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World Music Archives, Wesleyan University

  • Wednesday, March 13, 2024
  • 6:30 PM
  • Zoom (See Event for Details)

A man with headphones working on a computer at a desk.Photo courtesy of Wesleyan’s World Music Archives.

Title: World Music Archives, Wesleyan University

Date & Time: Wednesday, March 13th at 6:30 PM (EST)

Format: Webinar via Zoom

Join us for a virtual conversation about world music and media preservation with the team at the Wesleyan’s World Music Archives. The World Music Archives collects and preserves ethnomusicological field research and other original audio and video recordings. Look forward to learning the history behind the collection, best practices for sound/media archives, how they work with other library, archival, and object collections at Wesleyan. There will also be a collection show and tell!

Presentation will be conducted by the Director of World Music Archives and Music Librarian Aaron Bittel, Archives Assistant Jody Cormack Viswanathan, and Music Library Assistant Jennifer Thom Hadley.

This is a free, virtual webinar hosted via Zoom. Advance registration is required. Upon registering for the webinar, you will receive a confirmation via email with a link to join the webinar. 


From its origins as Prof. Emeritus David McAllester's personal fieldwork collection of Comanche and Navajo music, recorded in 1940 and 1950 and first used in teaching at Wesleyan in 1953, the World Music Archives has grown to include original field research materials from graduate students and established scholars, from Wesleyan and elsewhere, documenting human musical practices around the world.

  • well over 3000 original audio tapes (reel-to-reel tapes, cassettes, digital audio tapes, and digitally-recorded betamax)
  • approximately 700 discs (primarily 78 rpm commercial discs, but also a number of instantaneous disc records)
  • 100 videotapes in numerous formats
  • accompanying notes, texts, and indexes
  • Archival materials by and about musicians that are not field recordings, for example the John Cage Papers, are mostly held in Special Collections & Archives.

Professional headshot of Aaron M. Bittel Aaron M. Bittel is Director of the World Music Archives and Music Librarian at Wesleyan University, where he works to promote creative ways of engaging with a diverse collection of cultural heritage materials, from unique to common. Previously, he served as Archivist-Librarian and Head of Digital Projects at the UCLA Ethnomusicology Archive, and was also an adjunct faculty member, teaching courses on audiovisual archives and oral history at UCLA. He has regularly contributed to the cultural collections field, especially in the areas of education and training, and research archives, as part of the Association for Recorded Sound Collections (ARSC), the Music Library Association (MLA), and the International Association of Sound and Audiovisual Archives (IASA). Aaron is also an active musician with scholarly and performing interests in free reed instruments and traditional musics of Quebec, Ireland, and the Balkans.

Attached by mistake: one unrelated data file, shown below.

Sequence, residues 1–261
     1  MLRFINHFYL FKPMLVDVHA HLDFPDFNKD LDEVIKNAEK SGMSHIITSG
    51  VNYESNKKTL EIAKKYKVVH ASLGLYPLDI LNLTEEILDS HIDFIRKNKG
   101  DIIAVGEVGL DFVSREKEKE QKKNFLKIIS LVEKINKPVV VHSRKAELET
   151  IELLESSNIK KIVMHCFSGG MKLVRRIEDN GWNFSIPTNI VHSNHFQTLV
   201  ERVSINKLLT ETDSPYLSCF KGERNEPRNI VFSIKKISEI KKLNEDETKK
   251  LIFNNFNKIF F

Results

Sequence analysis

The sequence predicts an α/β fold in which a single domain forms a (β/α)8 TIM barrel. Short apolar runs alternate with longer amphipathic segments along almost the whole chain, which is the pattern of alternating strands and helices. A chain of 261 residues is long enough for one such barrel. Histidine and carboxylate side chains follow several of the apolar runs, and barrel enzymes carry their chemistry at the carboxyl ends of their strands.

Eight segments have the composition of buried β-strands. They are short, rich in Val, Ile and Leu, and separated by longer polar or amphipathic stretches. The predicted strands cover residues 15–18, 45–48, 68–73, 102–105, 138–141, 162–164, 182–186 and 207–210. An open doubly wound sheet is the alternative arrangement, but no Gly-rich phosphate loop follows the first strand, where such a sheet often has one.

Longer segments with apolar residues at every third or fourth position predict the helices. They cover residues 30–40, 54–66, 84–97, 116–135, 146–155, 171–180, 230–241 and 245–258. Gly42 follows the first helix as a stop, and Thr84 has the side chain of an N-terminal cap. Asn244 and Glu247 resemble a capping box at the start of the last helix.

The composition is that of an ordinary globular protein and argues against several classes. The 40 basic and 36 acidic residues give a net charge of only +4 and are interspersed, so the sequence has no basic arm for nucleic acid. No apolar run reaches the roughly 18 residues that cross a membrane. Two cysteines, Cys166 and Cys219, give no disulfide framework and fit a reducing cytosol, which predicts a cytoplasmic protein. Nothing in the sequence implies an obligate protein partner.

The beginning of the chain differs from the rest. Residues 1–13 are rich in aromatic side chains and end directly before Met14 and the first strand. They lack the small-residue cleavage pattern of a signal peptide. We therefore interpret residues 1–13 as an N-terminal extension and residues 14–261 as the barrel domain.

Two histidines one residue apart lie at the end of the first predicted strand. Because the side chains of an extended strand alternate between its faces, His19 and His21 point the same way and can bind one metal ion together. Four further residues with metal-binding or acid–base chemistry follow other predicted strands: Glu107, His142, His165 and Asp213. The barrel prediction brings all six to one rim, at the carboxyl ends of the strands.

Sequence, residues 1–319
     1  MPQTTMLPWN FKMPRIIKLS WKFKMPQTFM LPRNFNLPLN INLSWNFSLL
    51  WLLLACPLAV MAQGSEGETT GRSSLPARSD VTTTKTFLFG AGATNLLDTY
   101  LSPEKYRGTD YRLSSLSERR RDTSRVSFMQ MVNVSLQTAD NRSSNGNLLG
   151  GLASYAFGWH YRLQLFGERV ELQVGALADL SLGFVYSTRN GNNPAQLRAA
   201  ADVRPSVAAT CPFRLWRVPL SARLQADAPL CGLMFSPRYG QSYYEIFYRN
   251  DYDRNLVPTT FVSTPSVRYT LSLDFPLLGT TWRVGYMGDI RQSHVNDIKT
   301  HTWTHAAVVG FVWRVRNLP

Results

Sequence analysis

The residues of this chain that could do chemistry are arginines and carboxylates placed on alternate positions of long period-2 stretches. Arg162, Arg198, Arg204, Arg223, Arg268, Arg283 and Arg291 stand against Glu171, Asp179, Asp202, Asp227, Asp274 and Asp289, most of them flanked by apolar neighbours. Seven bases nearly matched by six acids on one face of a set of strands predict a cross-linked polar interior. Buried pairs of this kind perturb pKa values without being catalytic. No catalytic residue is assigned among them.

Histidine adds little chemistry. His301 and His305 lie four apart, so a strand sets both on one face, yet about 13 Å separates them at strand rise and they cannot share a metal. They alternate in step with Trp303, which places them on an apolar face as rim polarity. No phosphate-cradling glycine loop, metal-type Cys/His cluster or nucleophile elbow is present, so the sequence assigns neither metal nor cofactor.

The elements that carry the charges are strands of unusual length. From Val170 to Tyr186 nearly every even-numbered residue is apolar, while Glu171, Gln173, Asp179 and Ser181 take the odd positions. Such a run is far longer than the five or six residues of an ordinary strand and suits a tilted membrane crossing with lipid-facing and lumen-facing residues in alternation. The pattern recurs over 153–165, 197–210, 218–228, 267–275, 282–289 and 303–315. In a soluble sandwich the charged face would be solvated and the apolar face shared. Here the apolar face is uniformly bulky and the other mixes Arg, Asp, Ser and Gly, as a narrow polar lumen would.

Professional headshot of Jennifer Thom Hadley Jennifer Thom Hadley has been a library assistant at Wesleyan University’s World Music Archives & Music Library since 1991, and has also served on the library’s Special Collections & Archives staff, which expanded her understanding of archival practices.  She holds a BA in Music and MA in world music from Wesleyan and an MLIS from the University of Wisconsin-Milwaukee.

Professional headshot of Jody Cormack ViswanathanJody Cormack Viswanathan has been Archives Assistant to the director of the World Music Archives at Wesleyan since 1991. She studied and performed South Indian classical vocal music with T. Viswanathan for over twenty years, additionally specializing in the music of South Indian classical dance (Bharata Natyam) under the tutelage of T. Balasaraswati. She received her MFA in music from California Institute of the Arts in 1975, and completed her doctorate in ethnomusicology at Wesleyan in 1992. Her dissertation “Svara Kalpana: Melodic/Rhythmic Improvisation in Karnatak music” provided an analysis and comparative study of the behavior of raga, rhythm, and individual style in this form of musical improvisation. At present her interests involve both the performance and study of traditional and “ folk" music trends within the Celtic music diaspora, and she is currently in the process of writing a book on the music of prominent Anglo-Irish folk musician, Andy Irvine.


Please note that by registering and attending this event/webinar, you automatically grant your consent to be photographed and/ or video-recorded and to the release, publication, or reproduction of any and all recorded media of your appearance, voice, and name for any purpose whatsoever in perpetuity in connection with the Archivists Round Table of Metropolitan New York, Inc. and its initiatives, including, by way of example only, use on websites, in social media, news, newsletters, Metropolitan Archivist, and advertising.

Questions? communications@nycarchivists.org

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